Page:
How to move up on the economic ladder

(Infographics DG)

Today, at a meeting convened by the Polish President, Professor ‪Jerzy Hausner shall present a report entitled “How to make headway in the world league?” According to its authors, the Polish economy is now at a turning point. We can either change the economy and stimulate its highly innovative sectors, or lose the competitive advantage of our low cost labour, and thus sacrifice the country’s economic growth.

 

‪President Bronisław Komorowski invited economists who did not contribute to the study entitled “How to advance in the world league? ‪Report on the competitiveness of the economy” to express their opinion thereon. ‪The document will be presented at the beginning of next week at the Fourth Innovative Economy Congress.

>> Read also: Interview with Professor Jerzy Hausner, the chief author of the report

‪The report points out that we are caught up in current problems and manage to deal with the challenges of the economic situation, but we fail to consider deeper, structural problems. ‪Poland’s economic development has been driven by imitative innovation, foreign capital, cheap labour and, consequently, we have fallen into the trap of medium-level income.

‪Over time, the drawbacks of this model of economic growth have became apparent: the progressive de-industrialization, lower quality of human capital following the emigration of the most industrious citizens, the lack of investment in education, or – to put it more broadly – in human capital, and plummeting levels of household savings. This state of affairs condemns our economy to imitation rather than creativity.

‪According to the study’s authors, the Polish economy is now at a turning point. ‪Its growth has thus far been associated with a large influx of foreign capital, which guaranteed export growth. It was also due to household consumption growth, which in turn was the consequence of limited incentives to save and of mounting household debts.

‪It will no longer be possible to follow this path. We will either lose the existing competitive advantage of low costs (especially labour costs), resulting in a slowdown of the economic growth, or maintain the momentum of development through a profound structural change of the economy and the development of knowledge-intensive and highly innovative sectors. This will take us to a different level of global competition, while significantly reducing our use of resources and energy. According to the authors of the report, it shall also minimize the vulnerability of the economy to exchange rate fluctuations.

Competitiveness-of-selected-economies-in-terms  CC BY-NC-SA by rr807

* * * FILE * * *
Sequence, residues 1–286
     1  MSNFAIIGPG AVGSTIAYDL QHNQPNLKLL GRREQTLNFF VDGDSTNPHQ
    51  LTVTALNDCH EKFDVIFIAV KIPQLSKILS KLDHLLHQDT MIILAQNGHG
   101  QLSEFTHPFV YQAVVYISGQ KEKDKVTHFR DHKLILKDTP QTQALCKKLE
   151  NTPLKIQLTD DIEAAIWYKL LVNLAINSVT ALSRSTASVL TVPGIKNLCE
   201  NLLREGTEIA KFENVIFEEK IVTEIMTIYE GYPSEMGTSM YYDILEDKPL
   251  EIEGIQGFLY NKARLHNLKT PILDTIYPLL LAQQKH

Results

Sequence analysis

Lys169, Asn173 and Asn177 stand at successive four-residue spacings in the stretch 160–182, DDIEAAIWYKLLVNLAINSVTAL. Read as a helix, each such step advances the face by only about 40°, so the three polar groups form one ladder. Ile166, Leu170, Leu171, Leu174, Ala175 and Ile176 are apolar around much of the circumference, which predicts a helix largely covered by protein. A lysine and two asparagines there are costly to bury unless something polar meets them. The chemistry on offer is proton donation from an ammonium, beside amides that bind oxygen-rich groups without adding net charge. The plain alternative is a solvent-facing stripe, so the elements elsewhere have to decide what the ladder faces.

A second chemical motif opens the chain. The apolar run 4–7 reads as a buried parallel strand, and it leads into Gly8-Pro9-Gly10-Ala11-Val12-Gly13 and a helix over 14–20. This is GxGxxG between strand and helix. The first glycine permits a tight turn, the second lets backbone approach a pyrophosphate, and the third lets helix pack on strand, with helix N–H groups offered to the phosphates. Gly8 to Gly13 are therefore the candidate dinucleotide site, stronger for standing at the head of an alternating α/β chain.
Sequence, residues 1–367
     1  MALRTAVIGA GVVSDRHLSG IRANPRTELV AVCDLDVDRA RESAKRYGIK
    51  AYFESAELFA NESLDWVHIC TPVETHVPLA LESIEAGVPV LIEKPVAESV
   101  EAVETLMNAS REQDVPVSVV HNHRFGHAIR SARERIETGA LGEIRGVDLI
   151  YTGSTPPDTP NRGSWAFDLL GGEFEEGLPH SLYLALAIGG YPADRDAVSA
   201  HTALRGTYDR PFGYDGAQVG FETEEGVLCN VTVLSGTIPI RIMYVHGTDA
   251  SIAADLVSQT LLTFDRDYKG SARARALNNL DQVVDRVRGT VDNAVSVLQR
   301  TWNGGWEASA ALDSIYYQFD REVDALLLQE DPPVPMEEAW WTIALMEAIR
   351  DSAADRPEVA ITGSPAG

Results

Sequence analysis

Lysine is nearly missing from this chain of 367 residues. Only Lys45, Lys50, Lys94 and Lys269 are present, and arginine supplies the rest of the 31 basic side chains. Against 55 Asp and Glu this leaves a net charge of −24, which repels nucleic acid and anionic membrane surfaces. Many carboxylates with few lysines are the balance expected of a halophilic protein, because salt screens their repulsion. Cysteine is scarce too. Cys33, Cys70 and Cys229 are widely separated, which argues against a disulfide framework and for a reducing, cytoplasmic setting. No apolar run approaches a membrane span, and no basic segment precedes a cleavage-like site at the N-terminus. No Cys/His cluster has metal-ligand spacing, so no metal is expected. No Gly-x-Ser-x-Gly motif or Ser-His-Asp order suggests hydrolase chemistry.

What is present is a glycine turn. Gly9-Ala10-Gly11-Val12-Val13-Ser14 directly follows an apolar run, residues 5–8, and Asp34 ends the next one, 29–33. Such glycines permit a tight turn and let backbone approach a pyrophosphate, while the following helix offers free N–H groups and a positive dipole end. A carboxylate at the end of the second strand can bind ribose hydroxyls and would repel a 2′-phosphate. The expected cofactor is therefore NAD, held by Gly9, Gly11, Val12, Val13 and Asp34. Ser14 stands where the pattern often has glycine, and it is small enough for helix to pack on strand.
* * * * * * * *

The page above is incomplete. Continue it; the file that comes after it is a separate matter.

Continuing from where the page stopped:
Infography: Darek Gąszczyk / CC BY-NC-SA by rr807

 

‪A substantial part of the study is dedicated to comparing the situation of Poland and that of the countries of Central and Eastern Europe, Western Europe, but also the countries of Latin America and Asia. Authors analyzed our competitive position and potential and found out that competition is no longer treated as a category describing the level of productivity, income or growth. ‪Competitiveness must be approached in a “dynamic and strategic” manner. ‪Therefore, the ability to compete through investment in R & D, development of human resources  and innovation was also subject to comparison.

‪The authors analyzed the functioning of state structures and business environment. ‪According to them, it is necessary to create a new economic policy in the spirit of a competitive state.

‪”Economists are not in dispute as to whether the state should create conditions for the development of enterprises. ‪The real core of disagreement concerns the definition of “conditions”. ‪Some understand it only as developing general conditions for the formation of markets and functioning of a free market economy. And if it is so, they advocate structural policies, and in particular industrial policies. ‪We believe that the state should not only be responsible for the provision of general conditions, but also – in an adequate manner – for specific conditions linked to structural weaknesses and the key sectors of the economy”- state the authors of the report.

‪Through the analysis of the current competitive position of our economy, they reflect on its potential and identify areas where changes are necessary in order to strengthen Poland’s position in the global economy. ‪They note that effective policies can only be implemented in countries that have efficient state institutions and can boast high levels of operational efficiency. ‪” These features are not the strengths of the Polish state” – state the authors.

‪Professor Hausner’s team confirms that Poland’s position in the world is changing and our economic development should be assessed positively. At the same time, the factors that have helped us grow are also the fundamental elements of our weakness. ‪For example, the level of labour productivity in Poland, expressed as GDP per employee (in purchasing power parity) approached in 2011 the equivalent of the two-thirds of the labour productivity of Western European countries. ‪This is due to the relatively long working time of Polish workers and to lower prices. ‪However, in terms of efficiency, a Polish worker can produce the equivalent of about 10 euros per hour, which is one-quarter of the value achieved in Germany and a third of the value obtained in Spain and Italy.

‪Economists point to the structure of our exports and call it “the conservatism of geographical and commodity structure”. There is an essential difference between companies with foreign capital and companies with domestic capital. ‪Since the mid-1990s, the share of the former in Polish exports has constantly grown – in 1998, it exceeded the level of 48 per cent, reached over 57 per cent in 2005 and stabilized at around 55 per cent later.

‪The authors of the report determine that out of more than 15,700 large and medium-sized enterprises only a little over 4,000  economic operators specialize in exports, that is sell more than half of their output abroad. The majority of them are companies with foreign capital, which export their products through international (intercorporate) cooperation chains. ‪This has a negative impact on the amount of value added generated by exports. ‪According to the report, one of the main objectives of the new industrial policy should be to create appropriate conditions for the development of export sectors that generate higher added value.